4 Ways to Keep Your Baby Healthy and Save Money
by Heather Green
Babies get sick. A lot. They suffer minor colds and flu, ear infections, fevers, stuffy noses, upset tummies, and just general unexplained illness. They catch sickness from other children at daycare. They catch it from strangers in public, your family members, your friends. Their immune systems are not yet fully developed, and they are vulnerable to all manner of illness.
Every time your baby gets sick, you may feel tempted to rush to the doctor’s office — or at least to the drug store. These visits and the medications you feel compelled to buy can start to add up quickly. However, there are alternatives you can choose to do at home to help cut down on illness and to save you money at the same time.
Here are a few ideas to keep your baby healthy and save money.
Breastfeeding is one of the best things you can do for the health of your baby. Breast milk contains all the nutrients your baby needs for optimal development.
It helps to strengthen your baby’s immune system and protects against food allergies and common ailments, such as ear infections and the flu.
Breast milk also changes to meet your baby’s needs. For example, it contains antibodies that you have developed, helping to protect your baby against illnesses like cold and flu. When others are sick all around you, breast milk may be able to help your baby from suffering the same fate.
Germs are hiding out everywhere you look. They are on the shopping carts at the store, the door handles of every business you enter, and the countertops of every bathroom, office, and kitchen you visit. They are on the hands of the people who hold your baby, whether they are strangers or family.
Take precautions by sanitizing everything. Bring disinfectant wipes for carts, surfaces, and toys.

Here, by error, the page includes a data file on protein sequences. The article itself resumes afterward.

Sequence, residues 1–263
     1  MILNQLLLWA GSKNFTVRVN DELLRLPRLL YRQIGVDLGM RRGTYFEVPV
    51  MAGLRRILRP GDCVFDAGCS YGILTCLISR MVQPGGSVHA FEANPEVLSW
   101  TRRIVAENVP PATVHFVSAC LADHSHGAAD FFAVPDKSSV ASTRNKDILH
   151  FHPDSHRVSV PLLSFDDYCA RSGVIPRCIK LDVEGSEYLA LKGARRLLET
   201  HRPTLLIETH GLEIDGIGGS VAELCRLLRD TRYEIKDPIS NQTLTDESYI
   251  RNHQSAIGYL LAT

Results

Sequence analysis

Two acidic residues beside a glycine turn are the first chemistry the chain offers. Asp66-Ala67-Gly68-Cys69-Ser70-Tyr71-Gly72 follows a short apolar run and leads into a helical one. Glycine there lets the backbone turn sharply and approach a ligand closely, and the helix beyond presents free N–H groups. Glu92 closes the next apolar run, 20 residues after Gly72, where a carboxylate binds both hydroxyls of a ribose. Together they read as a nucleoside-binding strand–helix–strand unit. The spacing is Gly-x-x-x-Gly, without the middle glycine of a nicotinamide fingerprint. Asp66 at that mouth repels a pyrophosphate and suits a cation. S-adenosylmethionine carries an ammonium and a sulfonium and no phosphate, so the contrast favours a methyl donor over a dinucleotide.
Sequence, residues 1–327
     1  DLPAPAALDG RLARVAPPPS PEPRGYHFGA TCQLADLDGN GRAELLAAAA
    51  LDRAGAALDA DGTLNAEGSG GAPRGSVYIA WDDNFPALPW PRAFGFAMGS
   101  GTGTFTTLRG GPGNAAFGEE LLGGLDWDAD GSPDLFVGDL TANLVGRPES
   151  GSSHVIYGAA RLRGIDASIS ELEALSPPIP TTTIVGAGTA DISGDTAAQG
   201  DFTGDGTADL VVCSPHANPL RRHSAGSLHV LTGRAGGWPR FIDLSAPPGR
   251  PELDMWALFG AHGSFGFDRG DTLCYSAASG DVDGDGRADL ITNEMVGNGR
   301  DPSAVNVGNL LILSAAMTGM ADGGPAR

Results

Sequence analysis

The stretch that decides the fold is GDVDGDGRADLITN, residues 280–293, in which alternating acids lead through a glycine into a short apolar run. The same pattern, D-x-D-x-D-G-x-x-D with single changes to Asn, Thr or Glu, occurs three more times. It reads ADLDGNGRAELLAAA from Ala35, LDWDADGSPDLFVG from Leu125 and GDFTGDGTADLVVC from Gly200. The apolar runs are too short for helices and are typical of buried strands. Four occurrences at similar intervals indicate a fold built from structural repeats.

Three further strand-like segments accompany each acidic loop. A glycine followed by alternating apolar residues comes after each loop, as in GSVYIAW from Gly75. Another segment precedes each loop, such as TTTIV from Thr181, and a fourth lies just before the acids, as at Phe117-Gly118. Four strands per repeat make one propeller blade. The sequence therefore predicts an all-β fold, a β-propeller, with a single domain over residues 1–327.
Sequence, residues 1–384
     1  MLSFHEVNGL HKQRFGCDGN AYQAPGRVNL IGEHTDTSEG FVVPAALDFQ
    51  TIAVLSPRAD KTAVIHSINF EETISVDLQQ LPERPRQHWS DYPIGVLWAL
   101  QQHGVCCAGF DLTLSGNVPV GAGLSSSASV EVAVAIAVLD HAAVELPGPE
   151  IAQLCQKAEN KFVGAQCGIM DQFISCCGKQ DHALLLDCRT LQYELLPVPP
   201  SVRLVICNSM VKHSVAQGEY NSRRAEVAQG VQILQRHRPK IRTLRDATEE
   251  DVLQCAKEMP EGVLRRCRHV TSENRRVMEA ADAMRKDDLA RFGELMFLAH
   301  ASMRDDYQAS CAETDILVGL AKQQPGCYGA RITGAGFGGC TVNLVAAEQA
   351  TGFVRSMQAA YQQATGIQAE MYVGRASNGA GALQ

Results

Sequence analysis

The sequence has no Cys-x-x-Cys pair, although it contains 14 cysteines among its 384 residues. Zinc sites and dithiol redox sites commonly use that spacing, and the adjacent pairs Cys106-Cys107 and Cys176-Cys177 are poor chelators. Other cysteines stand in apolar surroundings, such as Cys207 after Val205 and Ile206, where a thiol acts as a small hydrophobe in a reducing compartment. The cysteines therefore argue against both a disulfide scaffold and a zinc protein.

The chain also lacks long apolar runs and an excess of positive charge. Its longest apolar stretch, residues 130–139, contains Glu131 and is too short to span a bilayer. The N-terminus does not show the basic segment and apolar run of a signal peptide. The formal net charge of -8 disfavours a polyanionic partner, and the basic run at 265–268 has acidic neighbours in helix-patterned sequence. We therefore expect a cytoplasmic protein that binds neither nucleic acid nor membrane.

You shouldn’t go crazy trying to make everything spotless — after all, your baby does need to be exposed to some germs in order to build up a healthy immune system — but you should be proactive about wiping down surfaces to get rid of common germs, especially during cold and flu season.
Also, be careful about the cleaners you choose. Some sanitizers have harmful chemicals in them. Choose all-natural products and gentle cleansers for basic protection that doesn’t pose additional threats to your baby’s health.
If you can afford to stay home with your child, you should. It will insulate your child against the sea of germs that strangers carry with them every day. If you can’t afford to stay home, try to find a family member or friend who can watch your baby. Putting your baby in daycare will significantly increase the odds that he or she will become ill — many times over.
Daycare helps illness spread quickly by putting many children into close contact with one another. If one becomes ill, all of them are likely to become ill very soon. The more children are in the daycare, the higher the chances that your baby will become very sick. Just as one child is getting over the illness, another is catching it, creating a perpetual cycle that keeps feeding itself.
Immunizations help protect your baby against serious health conditions, including polio and diptheria. They also protect your baby against even minor illnesses, such as the flu. Following the recommended vaccine schedule can help to ensure that your baby is protected against these illnesses, some of which are potentially life-threatening.
If you know that you will have to put your baby in daycare, getting the recommended vaccines becomes even more important as your baby’s potential exposure to these illnesses increases significantly. Vaccines (and breastfeeding) can help limit your baby’s vulnerability to illnesses spread in daycare, reducing the likelihood that he or she will fall sick.
Keeping your baby healthy is often a simple matter of making proactive choices. You can breastfeed to help build your baby’s immunity and then sanitize, immunize, and avoid daycare to protect against illness. You won’t guarantee that your baby never becomes ill, but you will reduce the chances of it happening significantly. Fewer illnesses means fewer trips to the doctor, and that will save on your bottom line.
What other ways do you help keep your baby healthy and save on your budget? Share your ideas in the comments!
(Heather Green is a mom, freelance writer, pet lover and the resident blogger for OnlineNursingDegrees.org, a free informational website offering tips and advice about online healthcare admin degrees and online physical therapy assistant courses.)